Garden Centres can make your head spin. There is so much choice with plants, accessories, furniture, fireplaces etc,etc. I love the colourful pots as they can be quite lovely if placed in a dark space or just in the middle of a flower bed where there is a temporary hole. V

    Hi Valerie, thanks for visiting. Most nurseries seem to have clued in that there is good money to be made by selling non plants! It is all so attractive, I cannot ignore the stuff, especially large glazed containers that might be blue. πŸ™‚

  8. Laurrie says:

    Oh my, we all struggle with not enough and too much in the garden! At my stage in life, I am hard to buy for, so gifts wind up being kitschy things for my garden and I love them all and want each and every one where I can see it. But…. is it too much? Most certainly. Especially if it was someone else’s garden.

    Thanks for that Laurrie. We too are the recipient of garden art gifts, and plants. I am always on board for dark chocolate, if anyone is interested! πŸ™‚

  9. Nancy says:

    Your query reminds me of a long-ago cartoon in New Yorker magazine. Two men stand on a sidewalk gazing into a yard overflowing with rows of ducks, with gnomes, with toadstools, gazing balls, flamingos, etc. One man says to the other, “You ought to see it at Christmas.”
    Downsize plants? Impossible!

    HA, Nancy, that is a good one! Plants have been on the safe list for some time, although we have removed those that did not perform to expectations for whatever reason. But the search for more continues… πŸ™‚

  10. Layanee says:

    I also have this issue in mind but then I put away the doodads most winters…this one, some stayed in place and I find them a comfort. I do rotate doodads, statuary, and obelisks but the garden is a reflection of the gardener and I like to see some doodads in a garden. It gives me a clue to the whimsy and sense of humor of the gardener. I love your topiary bird and the sleeping maiden…of course since here twin resides here.

    That is such a good idea, Layanee, rotate the art! I sometimes do that with stuff in the house. The best time to dust is when redoing a table top vignette, the only time to dust around here. The doodads are nice to look at in the winter, a better time to notice details. Sleeping Maiden TN says hi to her twin sis in RI! πŸ™‚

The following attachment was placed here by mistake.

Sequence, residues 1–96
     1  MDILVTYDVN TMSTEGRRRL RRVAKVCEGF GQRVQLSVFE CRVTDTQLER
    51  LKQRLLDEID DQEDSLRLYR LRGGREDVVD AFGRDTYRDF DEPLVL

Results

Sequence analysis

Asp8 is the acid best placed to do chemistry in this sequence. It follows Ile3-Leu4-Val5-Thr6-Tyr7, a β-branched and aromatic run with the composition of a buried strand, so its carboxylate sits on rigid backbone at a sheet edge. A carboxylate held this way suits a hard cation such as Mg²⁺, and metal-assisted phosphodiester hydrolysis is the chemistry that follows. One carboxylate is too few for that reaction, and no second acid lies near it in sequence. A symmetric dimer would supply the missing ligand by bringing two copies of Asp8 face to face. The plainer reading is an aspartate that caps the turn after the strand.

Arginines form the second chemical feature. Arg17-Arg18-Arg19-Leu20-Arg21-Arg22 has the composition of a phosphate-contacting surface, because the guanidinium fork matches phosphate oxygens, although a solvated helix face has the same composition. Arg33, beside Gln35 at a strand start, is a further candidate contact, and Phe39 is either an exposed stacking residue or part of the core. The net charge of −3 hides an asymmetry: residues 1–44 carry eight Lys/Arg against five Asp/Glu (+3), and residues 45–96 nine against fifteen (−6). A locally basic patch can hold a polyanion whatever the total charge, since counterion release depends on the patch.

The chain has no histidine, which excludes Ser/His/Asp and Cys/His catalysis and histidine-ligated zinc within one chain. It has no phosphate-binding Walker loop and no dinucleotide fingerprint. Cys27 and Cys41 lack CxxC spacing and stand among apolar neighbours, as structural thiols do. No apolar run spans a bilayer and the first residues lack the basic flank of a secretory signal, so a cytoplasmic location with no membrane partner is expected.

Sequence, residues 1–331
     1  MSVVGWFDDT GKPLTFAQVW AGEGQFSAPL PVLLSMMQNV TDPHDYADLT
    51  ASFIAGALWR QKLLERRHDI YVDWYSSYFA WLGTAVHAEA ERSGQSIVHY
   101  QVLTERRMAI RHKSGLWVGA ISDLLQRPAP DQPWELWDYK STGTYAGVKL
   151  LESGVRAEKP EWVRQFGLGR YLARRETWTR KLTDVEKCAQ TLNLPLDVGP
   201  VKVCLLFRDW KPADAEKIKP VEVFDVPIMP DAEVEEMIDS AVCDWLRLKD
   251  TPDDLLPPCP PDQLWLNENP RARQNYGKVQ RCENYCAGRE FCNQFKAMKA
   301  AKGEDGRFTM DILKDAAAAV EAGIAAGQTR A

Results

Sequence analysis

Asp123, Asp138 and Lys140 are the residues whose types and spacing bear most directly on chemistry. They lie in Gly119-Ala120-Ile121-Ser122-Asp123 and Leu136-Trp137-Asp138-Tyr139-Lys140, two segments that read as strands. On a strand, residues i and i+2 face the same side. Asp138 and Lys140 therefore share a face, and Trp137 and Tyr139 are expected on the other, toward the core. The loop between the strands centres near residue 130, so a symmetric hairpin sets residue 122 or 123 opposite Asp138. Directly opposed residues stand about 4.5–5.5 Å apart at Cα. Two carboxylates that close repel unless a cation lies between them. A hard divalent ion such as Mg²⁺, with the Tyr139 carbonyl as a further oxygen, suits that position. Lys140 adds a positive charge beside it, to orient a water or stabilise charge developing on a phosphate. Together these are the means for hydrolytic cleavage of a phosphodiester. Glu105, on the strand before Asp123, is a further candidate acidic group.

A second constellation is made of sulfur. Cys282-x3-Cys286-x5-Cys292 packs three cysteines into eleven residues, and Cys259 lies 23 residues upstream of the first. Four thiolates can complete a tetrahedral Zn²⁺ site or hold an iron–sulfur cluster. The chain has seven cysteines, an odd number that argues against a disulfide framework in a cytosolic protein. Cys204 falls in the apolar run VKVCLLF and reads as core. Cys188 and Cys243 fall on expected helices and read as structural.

11. Barbara H. says:

    I blame my endless collecting of all things to my zodiac sign (yep, I’m a Moon Child). A few years ago when walking the yard I realized that the outside was becoming a reflection of the inside! Yikes, is there no end to it? Somehow an empty space just calls to be filled…

    Hi Barbara, the empty space that needs filled. A therapist could have a field day with those urges, thank goodness I am not of that bent. HA Endless… says it all. πŸ™‚

  12. Cindy, MCOK says:

    I had to laugh at the multiple to do lists … we are kindred spirits there. I have notebooks, notepads, postits, torn off calendar pages … I’m still in search of my pink multisection notebook. Maybe it’s at your place!

    Hi Cindy, a pink notebook did you say? That definitely sounds like something that could be laying around here, I will keep my eye out. Thanks for stopping by. πŸ™‚

  13. Janet says:

    I love the bright blue of your glazed pottery, I am too cheap to buy some of those beauties. OR I haven’t found the best place to buy yet! πŸ™‚ Am toying with the thought of doing a hypertufa container project. As for fun stuff in the garden, why not?

    Why not, indeed, Janet? It just seemed like there was too much stuff out there, and I am in the middle of scheming to make yet more, let alone what happens when those containers just jump into the shopping cart! Hypertufa is wonderful, you will love doing it. πŸ™‚